Seahawks head coach Pete Carroll reacts during the second half of Sunday’s 38-31 win the Kansas City Chiefs on Sunday. (AP Photo/Elaine Thompson)

Seahawks head coach Pete Carroll reacts during the second half of Sunday’s 38-31 win the Kansas City Chiefs on Sunday. (AP Photo/Elaine Thompson)

Seahawks give Pete Carroll a three-year contract extension

The veteran coach defied expectations by leading a rebuilt Seattle team into the playoffs

  • By Bob Condotta The Seattle Times
  • Monday, December 24, 2018 4:38pm
  • SportsSeahawks

A year ago at this time there were national rumors that Seattle Seahawks coach Pete Carroll might be considering retirement.

Now, after a season in which Seattle has been one of the surprise teams in the NFL, Carroll is set to coach the Seahawks into his 70s. The team and Carroll on Monday announced he had signed a contract extension that will keep him with the team through the 2021 season. His current deal had been set to expire following the 2019 season.

While the team did not release financial details, — the league’s official website — reported the new contract will pay Carroll $11 million a year, making him “one of the highest paid coaches” in the league.

“I am excited to announce that we have extended Head Coach Pete Carroll through the 2021 season,” Jody Allen, Seahawks Chair and Trustee of the Paul G. Allen Trust, said in a statement. “This will continue the championship culture that we have created in Seattle.”

Carroll, who turned 67 Sept. 15, has been the coach of the Seahawks since 2010 and earlier this season became the winningest coach in franchise history — he is 88-54-1 after a 38-31 win over the Kansas City Chiefs on Sunday night that secured the team’s seventh postseason bid in his nine seasons in Seattle. He is also the only coach to lead the Seahawks to a Super Bowl title, that coming in 2014.

In a brief interview with reporters in the team’s media room after the contract was announced Carroll said the team approached him about a new contract last week and he signed it Monday afternoon.

“The organization has been exceedingly good to me throughout the whole time we’ve been here … and I couldn’t be happier,” Carroll said.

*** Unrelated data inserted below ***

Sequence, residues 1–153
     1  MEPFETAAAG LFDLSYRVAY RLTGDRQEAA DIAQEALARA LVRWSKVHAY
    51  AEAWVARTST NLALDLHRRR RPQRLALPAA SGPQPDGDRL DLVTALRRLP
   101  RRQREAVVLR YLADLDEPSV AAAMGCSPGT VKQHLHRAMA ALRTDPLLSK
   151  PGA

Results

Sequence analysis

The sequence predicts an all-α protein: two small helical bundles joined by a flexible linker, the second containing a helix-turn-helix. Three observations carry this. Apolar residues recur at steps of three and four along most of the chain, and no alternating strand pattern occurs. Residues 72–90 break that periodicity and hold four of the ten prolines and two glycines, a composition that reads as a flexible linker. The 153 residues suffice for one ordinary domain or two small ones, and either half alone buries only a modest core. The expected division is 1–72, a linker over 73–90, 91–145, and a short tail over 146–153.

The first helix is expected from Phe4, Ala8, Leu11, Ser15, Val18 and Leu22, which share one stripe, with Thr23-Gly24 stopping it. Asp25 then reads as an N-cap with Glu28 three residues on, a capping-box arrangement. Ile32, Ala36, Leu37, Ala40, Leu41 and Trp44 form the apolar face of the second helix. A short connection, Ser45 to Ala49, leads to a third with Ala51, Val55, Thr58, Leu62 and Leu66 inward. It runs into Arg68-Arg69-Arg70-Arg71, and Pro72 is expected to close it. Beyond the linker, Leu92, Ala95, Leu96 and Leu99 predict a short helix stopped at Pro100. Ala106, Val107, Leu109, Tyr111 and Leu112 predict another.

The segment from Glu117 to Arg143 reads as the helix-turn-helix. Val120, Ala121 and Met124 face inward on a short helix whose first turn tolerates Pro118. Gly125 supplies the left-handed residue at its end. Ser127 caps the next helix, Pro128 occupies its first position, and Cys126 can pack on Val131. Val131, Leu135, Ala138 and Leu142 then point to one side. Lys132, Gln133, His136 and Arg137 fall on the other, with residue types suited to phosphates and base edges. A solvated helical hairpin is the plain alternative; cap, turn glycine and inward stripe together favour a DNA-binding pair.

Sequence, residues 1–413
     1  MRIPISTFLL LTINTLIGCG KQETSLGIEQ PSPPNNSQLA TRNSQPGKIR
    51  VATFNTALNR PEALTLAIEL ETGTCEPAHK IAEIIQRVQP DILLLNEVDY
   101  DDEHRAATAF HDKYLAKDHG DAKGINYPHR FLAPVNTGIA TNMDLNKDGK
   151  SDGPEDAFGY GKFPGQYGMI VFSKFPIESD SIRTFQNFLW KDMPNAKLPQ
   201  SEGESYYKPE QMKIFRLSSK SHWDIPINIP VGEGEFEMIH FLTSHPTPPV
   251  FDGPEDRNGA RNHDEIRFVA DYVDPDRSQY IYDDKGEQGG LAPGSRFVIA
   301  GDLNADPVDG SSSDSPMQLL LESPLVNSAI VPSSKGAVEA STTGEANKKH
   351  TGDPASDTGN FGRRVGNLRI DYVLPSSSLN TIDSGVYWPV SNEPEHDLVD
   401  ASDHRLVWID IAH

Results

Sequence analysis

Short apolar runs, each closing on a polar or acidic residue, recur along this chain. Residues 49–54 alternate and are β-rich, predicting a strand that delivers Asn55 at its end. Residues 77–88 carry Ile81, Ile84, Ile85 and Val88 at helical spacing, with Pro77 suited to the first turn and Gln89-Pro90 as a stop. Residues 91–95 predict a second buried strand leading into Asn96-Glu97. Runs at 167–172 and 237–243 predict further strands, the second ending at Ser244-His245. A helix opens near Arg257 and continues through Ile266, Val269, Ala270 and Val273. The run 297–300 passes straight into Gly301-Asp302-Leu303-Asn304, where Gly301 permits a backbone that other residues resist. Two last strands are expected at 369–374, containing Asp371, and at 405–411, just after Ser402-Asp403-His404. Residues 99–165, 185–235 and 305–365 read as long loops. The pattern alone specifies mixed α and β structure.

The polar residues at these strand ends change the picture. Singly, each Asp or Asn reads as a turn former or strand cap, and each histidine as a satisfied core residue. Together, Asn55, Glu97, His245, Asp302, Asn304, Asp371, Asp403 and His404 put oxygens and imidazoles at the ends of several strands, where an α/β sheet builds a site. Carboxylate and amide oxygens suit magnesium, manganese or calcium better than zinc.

The contract is the fourth Carroll has signed with Seattle. He also inked extensions after the team won the Super Bowl in 2014 and again following the 2016 season.

The extension brings some stability to the franchise in the wake of the death in October of owner Paul Allen.

Allen’s sister, Jody, has taken over control of his assets. There have been some rumblings that she may eventually sell the team. But there have been no reports of any potential buyers amid indications the team is not presently for sale, with Jody Allen apparently not considering it an urgent matter given the enormity of Paul Allen’s estate. The Seahawks are thought to be worth roughly $2.7 billion, which by one estimate would be about 10 percent of Paul Allen’s total holdings.

The new deal means the team of Carroll and general manager John Schneider will continue to lead the Seahawks for at least three more seasons. Schneider signed a contract in 2016 that was widely reported as going through the 2021 season but is actually thought to run through the 2022 season.

Carroll downplayed any suggestion that this season was vital in determining his coaching future with Seattle. But undoubtedly the turnaround of the past few months has everyone involved feeling as if the franchise is again on a winning track after an offseason of change and uncertainty.

After Seattle did not make the playoffs in 2017 for the first time in five years, Carroll orchestrated a massive overhaul in the team’s coaching staff, firing offensive coordinator Darrell Bevell, defensive coordinator Kris Richard and offensive line coach Tom Cable. The team also traded or released some of its biggest name players from the 2013 Super Bowl title team, including defensive lineman Michael Bennett and cornerback Richard Sherman.

Had the team flopped this season — as many nationally predicted — Carroll’s future would have been an overriding question heading into the offseason. At 67, he is the oldest coach in the NFL.

When Seattle got off to an 0-2 start, there were more than a few national stories speculating how long Carroll might last.

But after signing his contract Monday in the wake of nine wins in the past 13 games, Carroll said he didn’t view this season as any more critical to his coaching future than any other.

“Every year I think the same in that regard,” he said. “Take it really one year at a time with the projection of I’m kind of on a five-year plan. But that doesn’t have any statement about my contract, it’s just kind of the way somebody taught me to look forward, and it helps.”

Carroll has said he has never thought of a possible end date to his career, often noting that Marv Levy coached the Buffalo Bills until he was 72. Monday made it clear Carroll has no designs of letting up any time soon.

“We love this team,” he said, “… it feels like we are just getting started.”

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